If you’re a runner, you probably already prefer jogging on trails to running on roads. If you’re new to the sport, however, you might not realize there are differences between the two. However, you should become familiar with these distinctions because, first and foremost, you will need to purchase the appropriate footwear for the terrain you run on in order to protect your feet, improve your stride and body placement, and reduce your risk of injury.
Both styles of running have advantages and disadvantages, like with most things, and we’ll look at them today to help you make the best selection for you.
The Advantages of Trail Running
As a runner, I adore the trails, so bear with me if I’m a touch biased here. There’s nothing quite like fleeing into nature to get away from the hustle and bustle of inhabited areas. But it’s not just about the escapism, though that is really beneficial to mental health; it’s also about slowing down and becoming much more aware of your surroundings and running style.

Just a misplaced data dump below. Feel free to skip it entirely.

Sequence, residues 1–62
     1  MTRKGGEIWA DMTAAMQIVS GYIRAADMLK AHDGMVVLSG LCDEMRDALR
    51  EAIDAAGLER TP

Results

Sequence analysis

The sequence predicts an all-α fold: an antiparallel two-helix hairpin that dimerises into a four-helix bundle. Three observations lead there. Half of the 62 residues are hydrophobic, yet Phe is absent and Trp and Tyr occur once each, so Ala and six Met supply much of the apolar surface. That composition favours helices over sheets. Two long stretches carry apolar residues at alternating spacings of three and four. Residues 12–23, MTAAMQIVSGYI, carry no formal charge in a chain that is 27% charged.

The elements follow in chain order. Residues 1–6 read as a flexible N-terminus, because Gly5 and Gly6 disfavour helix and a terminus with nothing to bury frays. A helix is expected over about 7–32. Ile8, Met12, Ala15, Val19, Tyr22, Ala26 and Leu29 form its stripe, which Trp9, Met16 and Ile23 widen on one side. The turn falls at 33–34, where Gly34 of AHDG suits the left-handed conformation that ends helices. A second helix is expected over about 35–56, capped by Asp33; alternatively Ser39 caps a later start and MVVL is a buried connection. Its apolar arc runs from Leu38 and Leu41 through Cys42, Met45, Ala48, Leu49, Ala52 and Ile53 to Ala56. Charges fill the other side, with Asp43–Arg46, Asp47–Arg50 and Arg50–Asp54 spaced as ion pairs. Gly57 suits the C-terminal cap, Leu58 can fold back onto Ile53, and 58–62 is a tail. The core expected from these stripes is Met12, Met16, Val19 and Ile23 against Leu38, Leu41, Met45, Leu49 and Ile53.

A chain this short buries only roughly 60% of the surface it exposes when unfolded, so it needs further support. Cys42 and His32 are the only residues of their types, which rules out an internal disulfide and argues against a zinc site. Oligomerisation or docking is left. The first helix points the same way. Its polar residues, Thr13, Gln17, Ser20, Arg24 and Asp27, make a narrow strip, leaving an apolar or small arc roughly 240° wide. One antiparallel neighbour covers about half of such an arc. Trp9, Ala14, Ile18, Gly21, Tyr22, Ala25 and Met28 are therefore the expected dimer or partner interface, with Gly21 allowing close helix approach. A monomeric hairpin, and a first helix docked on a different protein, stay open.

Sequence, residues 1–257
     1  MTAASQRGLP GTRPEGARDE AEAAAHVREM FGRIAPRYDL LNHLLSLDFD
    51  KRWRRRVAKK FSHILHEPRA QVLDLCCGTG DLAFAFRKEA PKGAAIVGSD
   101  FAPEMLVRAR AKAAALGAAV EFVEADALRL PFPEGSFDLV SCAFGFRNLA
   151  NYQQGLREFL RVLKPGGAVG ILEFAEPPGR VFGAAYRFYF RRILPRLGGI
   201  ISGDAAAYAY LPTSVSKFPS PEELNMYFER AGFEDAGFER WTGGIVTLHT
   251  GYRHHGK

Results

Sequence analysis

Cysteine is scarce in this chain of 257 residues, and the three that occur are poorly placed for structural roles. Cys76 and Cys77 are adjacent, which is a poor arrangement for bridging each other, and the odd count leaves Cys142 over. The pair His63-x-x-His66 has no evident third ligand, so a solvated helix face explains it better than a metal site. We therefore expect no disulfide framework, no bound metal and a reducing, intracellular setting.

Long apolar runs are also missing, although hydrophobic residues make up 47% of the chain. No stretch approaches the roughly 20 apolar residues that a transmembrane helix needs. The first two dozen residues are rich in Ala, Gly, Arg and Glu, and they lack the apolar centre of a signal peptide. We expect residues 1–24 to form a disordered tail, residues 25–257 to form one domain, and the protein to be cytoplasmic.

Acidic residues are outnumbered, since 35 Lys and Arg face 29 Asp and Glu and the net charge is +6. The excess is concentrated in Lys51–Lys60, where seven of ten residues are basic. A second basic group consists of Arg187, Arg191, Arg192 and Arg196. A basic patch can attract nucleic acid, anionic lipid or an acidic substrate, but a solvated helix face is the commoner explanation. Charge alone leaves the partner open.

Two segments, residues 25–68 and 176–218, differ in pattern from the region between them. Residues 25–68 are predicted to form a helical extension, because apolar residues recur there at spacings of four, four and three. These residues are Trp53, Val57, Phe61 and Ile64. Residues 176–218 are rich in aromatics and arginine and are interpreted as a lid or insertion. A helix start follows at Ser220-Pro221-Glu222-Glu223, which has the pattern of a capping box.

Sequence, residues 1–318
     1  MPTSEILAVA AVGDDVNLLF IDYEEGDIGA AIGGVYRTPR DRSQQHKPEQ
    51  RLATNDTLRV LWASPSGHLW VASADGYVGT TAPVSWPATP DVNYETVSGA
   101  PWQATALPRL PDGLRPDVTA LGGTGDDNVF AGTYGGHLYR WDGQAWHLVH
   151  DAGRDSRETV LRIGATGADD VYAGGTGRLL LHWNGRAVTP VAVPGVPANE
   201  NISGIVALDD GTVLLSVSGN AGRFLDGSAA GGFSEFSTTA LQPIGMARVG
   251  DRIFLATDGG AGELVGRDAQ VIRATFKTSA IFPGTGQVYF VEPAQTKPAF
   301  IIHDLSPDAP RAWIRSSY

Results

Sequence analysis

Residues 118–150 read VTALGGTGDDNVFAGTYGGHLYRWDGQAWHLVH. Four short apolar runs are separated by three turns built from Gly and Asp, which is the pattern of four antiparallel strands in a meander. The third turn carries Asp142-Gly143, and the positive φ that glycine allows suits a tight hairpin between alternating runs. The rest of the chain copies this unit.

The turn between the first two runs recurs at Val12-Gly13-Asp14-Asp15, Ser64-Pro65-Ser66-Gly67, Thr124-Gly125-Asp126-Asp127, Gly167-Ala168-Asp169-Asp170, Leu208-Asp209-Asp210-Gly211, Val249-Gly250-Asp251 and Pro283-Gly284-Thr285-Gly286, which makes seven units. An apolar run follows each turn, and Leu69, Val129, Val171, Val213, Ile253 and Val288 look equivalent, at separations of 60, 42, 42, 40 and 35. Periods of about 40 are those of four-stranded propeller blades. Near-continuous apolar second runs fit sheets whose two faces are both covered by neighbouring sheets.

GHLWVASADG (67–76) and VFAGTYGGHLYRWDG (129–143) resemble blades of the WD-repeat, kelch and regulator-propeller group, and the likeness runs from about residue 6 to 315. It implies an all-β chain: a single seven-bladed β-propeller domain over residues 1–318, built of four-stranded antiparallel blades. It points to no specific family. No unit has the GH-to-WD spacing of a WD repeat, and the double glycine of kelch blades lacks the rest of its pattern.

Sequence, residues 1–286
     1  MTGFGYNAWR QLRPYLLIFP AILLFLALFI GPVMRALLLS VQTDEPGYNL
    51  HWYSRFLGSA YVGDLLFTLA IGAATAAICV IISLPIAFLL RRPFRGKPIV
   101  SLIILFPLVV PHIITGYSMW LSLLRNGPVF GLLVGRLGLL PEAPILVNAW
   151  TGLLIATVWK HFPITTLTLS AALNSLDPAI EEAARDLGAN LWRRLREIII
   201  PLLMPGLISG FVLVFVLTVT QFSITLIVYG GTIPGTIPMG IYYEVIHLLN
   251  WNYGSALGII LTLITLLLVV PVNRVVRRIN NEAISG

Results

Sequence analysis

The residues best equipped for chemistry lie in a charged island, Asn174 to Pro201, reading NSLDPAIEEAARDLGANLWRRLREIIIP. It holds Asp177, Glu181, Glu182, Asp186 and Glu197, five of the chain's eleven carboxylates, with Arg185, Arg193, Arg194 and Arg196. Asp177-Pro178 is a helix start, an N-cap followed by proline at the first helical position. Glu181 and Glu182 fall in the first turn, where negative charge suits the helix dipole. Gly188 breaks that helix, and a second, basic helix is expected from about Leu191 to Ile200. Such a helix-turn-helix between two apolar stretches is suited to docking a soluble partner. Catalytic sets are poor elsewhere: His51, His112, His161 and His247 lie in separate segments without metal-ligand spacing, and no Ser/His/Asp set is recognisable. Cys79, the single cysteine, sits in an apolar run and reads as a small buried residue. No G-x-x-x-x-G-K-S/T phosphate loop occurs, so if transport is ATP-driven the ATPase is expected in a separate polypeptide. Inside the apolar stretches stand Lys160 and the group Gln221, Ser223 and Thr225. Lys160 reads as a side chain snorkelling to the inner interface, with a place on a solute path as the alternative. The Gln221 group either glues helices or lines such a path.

When you run on trails, the terrain is much more challenging, and you must pay close attention. Now, you might be thinking, “Wait a minute, that sounds like a bit of a disadvantage to me,” and you’d be correct to some extent, but we’ll get to that in a minute. The uneven ground, tree roots, dirt, pebbles, and other obstacles, on the other hand, all aid in improving your sense of balance, agility, and response time. Trail jogging burns about ten percent more calories than road running due to the varied terrain.
Trail running is also far more forgiving on joints than road and pavement running since the ground you run on is much softer. Surprisingly, despite the supposedly challenging terrain, injuries from overuse and repetitive motion are far less frequent with trail running, thanks to the wide range of foot strikes.
It is virtually impossible to get bored on a trail run, as the scenery is forever changing and you will likely come across some mind blowing views. Moreover, if you fancy yourself as the next big runfluencer, consider to bring an Osmo Action or a GoPro or camera as it will help you record shake free action footage of your running adventures. This way you can share with your followers online.